The IDM also offers new insights into the intensity of poverty, by measuring it on a 0–4 scale. This scale along with measures across 15 dimensions provide a more nuanced picture, which is gender-sensitive and enables disaggregation by disability. The measure can enable more effective targeting and monitoring of the impact of policies and programmes.

The IDM comprises three main technical elements:

  1. 1. A validated survey tool;

  2. 2. A data collection method in which multiple adults in a household are asked the same questions, enabling analysis of within-household differences across the IDM’s 15 dimensions;

  3. 3. A standardised system of indicator coding, dimension scoring and composite index construction, enabling comparative analysis.

Strong engagement with experts across different disciplines and strong testing as a key to success

Participatory research across six countries and close engagement with poverty measurement, feminist, and gender and development debates ensured the IDM’s strong conceptual foundation as a gender-sensitive, multidimensional measure. Early piloting demonstrated its feasibility and potential to reveal intersections of demographic factors, and between dimensions. Early use also raised various technical issues and questions, highlighting the importance of further refinement and testing as progress is made towards scale up.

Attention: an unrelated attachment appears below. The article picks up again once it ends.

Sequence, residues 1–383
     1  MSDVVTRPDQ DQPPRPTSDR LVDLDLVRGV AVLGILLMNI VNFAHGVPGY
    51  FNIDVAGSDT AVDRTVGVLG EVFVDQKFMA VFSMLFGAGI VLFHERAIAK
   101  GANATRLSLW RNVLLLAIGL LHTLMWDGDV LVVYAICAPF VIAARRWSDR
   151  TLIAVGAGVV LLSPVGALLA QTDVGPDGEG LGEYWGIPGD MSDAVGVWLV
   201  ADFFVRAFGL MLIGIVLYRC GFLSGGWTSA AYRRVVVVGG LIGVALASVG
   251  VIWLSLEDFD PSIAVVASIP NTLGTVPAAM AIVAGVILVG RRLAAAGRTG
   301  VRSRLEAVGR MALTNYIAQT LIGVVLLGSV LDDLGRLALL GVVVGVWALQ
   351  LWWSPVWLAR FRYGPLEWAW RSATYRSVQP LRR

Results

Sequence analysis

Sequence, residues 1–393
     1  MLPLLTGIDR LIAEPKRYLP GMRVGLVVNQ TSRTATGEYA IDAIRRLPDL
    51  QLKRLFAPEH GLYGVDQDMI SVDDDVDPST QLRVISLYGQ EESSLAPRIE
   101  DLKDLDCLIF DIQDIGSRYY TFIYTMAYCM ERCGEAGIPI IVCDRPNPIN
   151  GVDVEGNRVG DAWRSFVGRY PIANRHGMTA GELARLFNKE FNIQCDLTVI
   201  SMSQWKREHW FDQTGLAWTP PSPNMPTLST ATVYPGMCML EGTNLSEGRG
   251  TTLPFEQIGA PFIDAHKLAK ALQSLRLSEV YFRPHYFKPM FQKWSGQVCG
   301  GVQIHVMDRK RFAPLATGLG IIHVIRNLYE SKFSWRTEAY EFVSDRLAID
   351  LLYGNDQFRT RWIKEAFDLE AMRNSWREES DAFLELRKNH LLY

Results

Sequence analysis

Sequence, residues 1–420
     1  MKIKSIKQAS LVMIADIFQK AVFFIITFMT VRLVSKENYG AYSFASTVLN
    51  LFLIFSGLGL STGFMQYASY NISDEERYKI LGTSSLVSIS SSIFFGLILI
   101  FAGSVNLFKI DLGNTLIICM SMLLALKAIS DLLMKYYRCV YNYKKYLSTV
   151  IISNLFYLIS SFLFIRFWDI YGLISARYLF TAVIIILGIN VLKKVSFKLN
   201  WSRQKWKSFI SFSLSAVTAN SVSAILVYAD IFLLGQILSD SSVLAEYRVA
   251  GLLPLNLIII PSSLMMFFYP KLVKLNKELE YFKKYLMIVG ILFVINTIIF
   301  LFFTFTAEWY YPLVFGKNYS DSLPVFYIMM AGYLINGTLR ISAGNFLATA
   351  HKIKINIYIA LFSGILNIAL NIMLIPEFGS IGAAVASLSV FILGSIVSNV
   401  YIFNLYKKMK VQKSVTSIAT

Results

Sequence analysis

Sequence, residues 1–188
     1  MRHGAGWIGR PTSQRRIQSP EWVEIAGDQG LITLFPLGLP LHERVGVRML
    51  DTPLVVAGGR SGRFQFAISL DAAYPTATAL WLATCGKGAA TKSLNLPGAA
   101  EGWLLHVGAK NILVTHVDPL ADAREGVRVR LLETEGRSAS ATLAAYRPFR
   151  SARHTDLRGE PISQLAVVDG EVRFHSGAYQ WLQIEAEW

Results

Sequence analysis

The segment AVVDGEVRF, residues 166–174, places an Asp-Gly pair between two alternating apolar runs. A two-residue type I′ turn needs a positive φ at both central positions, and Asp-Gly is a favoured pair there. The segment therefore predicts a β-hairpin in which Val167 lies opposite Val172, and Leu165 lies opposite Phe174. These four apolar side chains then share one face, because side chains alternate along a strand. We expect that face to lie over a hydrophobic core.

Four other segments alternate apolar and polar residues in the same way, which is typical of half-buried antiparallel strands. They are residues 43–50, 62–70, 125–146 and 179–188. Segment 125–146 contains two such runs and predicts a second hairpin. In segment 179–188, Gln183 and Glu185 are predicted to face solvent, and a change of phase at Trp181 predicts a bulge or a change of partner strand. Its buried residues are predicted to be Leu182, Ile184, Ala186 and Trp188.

Development of the IDM has confirmed the importance of cross-disciplinary, multi-stakeholder partnerships, mixed method research, and sustained engagement by champions across the innovation cycle. These factors have supported IDM partners to develop the measure while maintaining coherence with the foundational, participatory research and focus on credibility, robustness, resourcing and pathways to use.

Other key lessons so far include: building a measure that overcomes the limitations of current, gender-blind poverty measurement is technically demanding; constructing a composite index comprising economic, social and environmental dimensions is challenging; and we need to move from a focus on disaggregating to measuring what matters to tackle poverty and inequality.

Next steps

The Individual Deprivation Measure is being tested in a range of contexts to be ready to be scaled up for global use by 2020. Investment in technology, visualisation, curriculum development and training will support IDM data collection and use by a range of actors. By engaging with other initiatives and institutions there will be scope to align with other measures and to enable data interoperability. The IDM partners continue to work with diverse stakeholders so that they can contribute to realising the SDGs, and the commitment to leave no one behind.

Figure 41.1. The fifteen dimensions of the Individual Deprivation Measure

Source: The Individual Deprivation Measure’s website: http://www.individualdeprivationmeasure.org/idm/methodology/.


[2] Kanbur, R. (2016), "Intra-Household Inequality and Overall Inequality", https://papers.ssrn.com/sol3/papers.cfm?abstract_id=2893072.

[1] UN Women (2015), Progress of the World’s Women 2015-2016: Transforming economies, realizing rights, UN Women, New York, http://progress.unwomen.org/en/2015/pdf/UNW_progressreport.pdf.

[3] Wisor, S. et al. (2014), "Individual Deprivation Measure – a gender sensitive approach to poverty measurement", International Women’s Development Agency, Melbourne.